Fish tissues (muscle) were collected before and after the fish have been smoked for at least 6 h. Purposive sampling technique was used to identify 6 major fish smoking spots that have a high level of patronage.

Sample size and transportation

Sample size was 60 samples, comprising 20 samples each from singed and unsigned hides from slaughtered cattle; 20 samples each from singed and unsigned skin from slaughtered goats and 20 samples each from smoked and non-smoked fish tissues. The 60 samples were arrived at, using the formula n=p/q [13]; where z is constant 1.96; p= prevalence of previous study; d = Confidence interval, expressed as decimal (0.05); and n = sample size. The prevalence for determination of the sample size was based on the work of [14] which was 4%. A minimum sample size of 59 was arrived at. The samples collected were put in different sterilized cellophane bags, which were labeled accordingly and tied tightly. They were then placed in a cooler containing ice blocks at 32 ᵒC and transported to the laboratory (Springboard Laboratory, Awka, Anambra state) for analysis immediately. The remaining samples were kept at 7 ° C.

Laboratory analysis

Pretreatment

Chemical drying of the samples was performed by grinding with Sodium sulphate () which is a drying agent until the samples were reduced to fine consistency, so as to increase the surface interaction of solvent and matrix. This increased the homogeneity of the samples so as to increase the extractability of the analytes in the samples. Extraction of the samples was done using Soxhlet Extraction method first of all, rinse all the glass apparatus by petroleum ether and dry it in the oven at 102 °c and after removing it keep in the desiccator. 5 gram of grounded and dried sample was weighed and placed it in the thimble. The thimble was placed in the soxhlet extractor. A clean 150 ml round bottom flask was filled with 90 ml petroleum ether. The whole setting was placed on a heating mantle and the petroleum ether allowed to boil for several hours almost 6 h. the sample was allowed to cool and almost all the solvent collected after distillation and sample weighed. Florisil cleanup method was used using traditional column chromatography. In the column cleanup protocol, the column is packed with the appropriate amount of adsorbent, topped with a water adsorbent, and then loaded with the sample extract. Elution of the analytes is effected with a suitable solvent(s) leaving the interfering compounds on the column. The eluate was further concentrated prior to gas chromatographic analysis.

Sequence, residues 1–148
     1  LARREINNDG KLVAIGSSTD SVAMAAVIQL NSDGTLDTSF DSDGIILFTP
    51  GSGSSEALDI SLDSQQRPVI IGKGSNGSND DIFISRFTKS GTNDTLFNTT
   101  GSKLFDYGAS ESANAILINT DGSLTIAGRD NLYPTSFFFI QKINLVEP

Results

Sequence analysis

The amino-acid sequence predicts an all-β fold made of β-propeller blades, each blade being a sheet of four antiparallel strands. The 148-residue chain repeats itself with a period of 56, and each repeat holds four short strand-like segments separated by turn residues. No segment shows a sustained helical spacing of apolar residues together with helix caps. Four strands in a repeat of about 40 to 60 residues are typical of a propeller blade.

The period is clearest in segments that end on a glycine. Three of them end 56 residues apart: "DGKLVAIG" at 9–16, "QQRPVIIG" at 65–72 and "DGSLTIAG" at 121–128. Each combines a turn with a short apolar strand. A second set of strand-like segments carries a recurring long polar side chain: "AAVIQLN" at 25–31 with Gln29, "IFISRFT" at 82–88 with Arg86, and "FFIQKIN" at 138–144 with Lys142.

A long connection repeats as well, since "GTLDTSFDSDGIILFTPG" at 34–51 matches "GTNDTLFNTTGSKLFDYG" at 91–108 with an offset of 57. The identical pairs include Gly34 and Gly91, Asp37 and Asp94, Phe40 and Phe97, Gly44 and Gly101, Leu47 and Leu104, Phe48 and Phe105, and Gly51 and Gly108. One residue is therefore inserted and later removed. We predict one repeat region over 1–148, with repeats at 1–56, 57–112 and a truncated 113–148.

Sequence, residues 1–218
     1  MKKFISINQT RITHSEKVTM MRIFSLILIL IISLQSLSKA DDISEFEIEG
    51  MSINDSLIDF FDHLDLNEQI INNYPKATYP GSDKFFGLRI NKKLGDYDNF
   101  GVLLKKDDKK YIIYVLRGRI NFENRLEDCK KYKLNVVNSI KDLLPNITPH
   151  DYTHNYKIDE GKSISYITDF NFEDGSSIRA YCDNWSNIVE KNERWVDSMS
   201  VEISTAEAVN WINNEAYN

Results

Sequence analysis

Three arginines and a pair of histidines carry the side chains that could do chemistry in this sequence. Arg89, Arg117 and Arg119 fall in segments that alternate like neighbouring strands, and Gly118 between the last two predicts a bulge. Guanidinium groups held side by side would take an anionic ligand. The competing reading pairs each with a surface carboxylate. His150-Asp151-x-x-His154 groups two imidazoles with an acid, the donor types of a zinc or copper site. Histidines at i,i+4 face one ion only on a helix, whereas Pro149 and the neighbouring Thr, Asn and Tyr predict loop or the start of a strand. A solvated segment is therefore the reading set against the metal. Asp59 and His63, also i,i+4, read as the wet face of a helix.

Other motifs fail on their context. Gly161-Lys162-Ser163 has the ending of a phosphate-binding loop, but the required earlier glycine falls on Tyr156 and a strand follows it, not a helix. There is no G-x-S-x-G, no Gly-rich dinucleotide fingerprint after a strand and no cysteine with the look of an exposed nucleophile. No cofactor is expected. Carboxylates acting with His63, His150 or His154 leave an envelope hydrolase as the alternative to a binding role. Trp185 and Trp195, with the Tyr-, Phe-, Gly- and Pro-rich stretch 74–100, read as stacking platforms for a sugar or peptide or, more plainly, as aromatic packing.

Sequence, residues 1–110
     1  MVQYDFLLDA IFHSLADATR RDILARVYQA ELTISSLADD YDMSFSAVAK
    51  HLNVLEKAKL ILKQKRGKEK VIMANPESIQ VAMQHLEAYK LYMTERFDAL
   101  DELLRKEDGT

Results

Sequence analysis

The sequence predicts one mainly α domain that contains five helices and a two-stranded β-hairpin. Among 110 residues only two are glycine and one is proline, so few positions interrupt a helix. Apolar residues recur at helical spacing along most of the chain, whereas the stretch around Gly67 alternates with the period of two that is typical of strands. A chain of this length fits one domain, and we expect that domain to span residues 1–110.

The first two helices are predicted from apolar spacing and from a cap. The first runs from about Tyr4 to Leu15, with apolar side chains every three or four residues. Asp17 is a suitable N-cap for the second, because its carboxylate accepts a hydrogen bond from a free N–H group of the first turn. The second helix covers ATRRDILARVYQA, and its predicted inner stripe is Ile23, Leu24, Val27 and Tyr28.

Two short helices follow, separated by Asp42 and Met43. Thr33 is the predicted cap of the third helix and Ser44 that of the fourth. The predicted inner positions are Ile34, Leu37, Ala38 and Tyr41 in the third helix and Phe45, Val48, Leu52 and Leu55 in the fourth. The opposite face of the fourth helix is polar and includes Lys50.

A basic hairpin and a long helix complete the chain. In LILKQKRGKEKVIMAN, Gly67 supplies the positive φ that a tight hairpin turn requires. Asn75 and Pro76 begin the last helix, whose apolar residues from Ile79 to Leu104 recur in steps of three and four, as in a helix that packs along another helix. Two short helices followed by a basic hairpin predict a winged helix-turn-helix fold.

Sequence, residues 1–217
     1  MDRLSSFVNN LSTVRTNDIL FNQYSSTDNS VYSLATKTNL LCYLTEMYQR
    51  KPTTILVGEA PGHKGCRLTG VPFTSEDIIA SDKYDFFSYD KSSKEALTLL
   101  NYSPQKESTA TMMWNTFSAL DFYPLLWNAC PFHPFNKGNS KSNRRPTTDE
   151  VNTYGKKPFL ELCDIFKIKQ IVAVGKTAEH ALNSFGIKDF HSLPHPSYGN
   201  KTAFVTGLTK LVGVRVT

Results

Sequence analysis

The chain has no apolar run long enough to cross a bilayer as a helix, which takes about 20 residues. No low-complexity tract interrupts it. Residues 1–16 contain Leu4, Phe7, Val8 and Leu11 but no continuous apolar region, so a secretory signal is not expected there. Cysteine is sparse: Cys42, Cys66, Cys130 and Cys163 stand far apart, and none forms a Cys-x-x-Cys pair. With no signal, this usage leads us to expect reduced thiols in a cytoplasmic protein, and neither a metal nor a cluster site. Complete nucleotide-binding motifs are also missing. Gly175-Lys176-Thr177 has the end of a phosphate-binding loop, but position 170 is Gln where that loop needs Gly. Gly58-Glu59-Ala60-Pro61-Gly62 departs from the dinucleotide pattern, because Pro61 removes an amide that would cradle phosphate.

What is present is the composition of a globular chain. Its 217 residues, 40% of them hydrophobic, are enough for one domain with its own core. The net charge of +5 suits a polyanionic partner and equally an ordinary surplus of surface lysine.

Data analysis

Singed and unsigned goats skin, and smoked and non-smoked fish were compared using student’s t-test. The concentrations in the three animals’ species were subjected to one way ANOVA. Significance was accepted at p≤ 0.05

RESULTS

The results from this study showed that cattle hides and goat skin from Kwata slaughterhouse and fish in Awka area in Awka town accumulated varying levels of PAHs. Butchers used bamboo woods and animals fats for singeing hides and skin while fish sellers used charcoal fire for smoking fish. Out of 16 known PAHs components, 10 were detected in cattle hides, 12 in goatskin and 11 were detected in fish.

Mean concentratons of PAHs

Among the well-known human carcinogenic PAHs (a) benzo [a] pyrene; (b) benzo [a] fluoranthene; (c)benzo [a] anthracene; (d)indeno[1-2-3cd] pyrene(IARC, 1973 and EPA, 1985), only three components were detected in all the samples submitted.

Cattle hides

The mean concentration of carcinogenic PAHs in unsinged hides were 0.89±7.77 for benzo[a]pyrene and 2.25±0.97 for indeno[1-2-3cd]pyrene and none above maximum permissible levels (MPL) 30µg/kg (EC, 2011). Two out of 8 components of non-carcinogenic PAHs detected were above the MPL, they are pyrene 42.42±22.76 and benzo[b]fluoranthene 60.49±48.89 as seen in table 1.

Upon singeing, the levels of these human carcinogenic PAHs increased but none above MPL, for benzo[a]pyrene from 0.89±7.77 to 1.81±14.93 and indeno[1-2-3cd]pyrene from 2.25±0.95 to 3.55±2.89. The two detected human non-carcinogenic PAHs components increased; pyrene from 42.42±22.76 to 53.12±41.02 and benzo[b]fluoranthene from 60.49±48.89 to 89.84±42.27.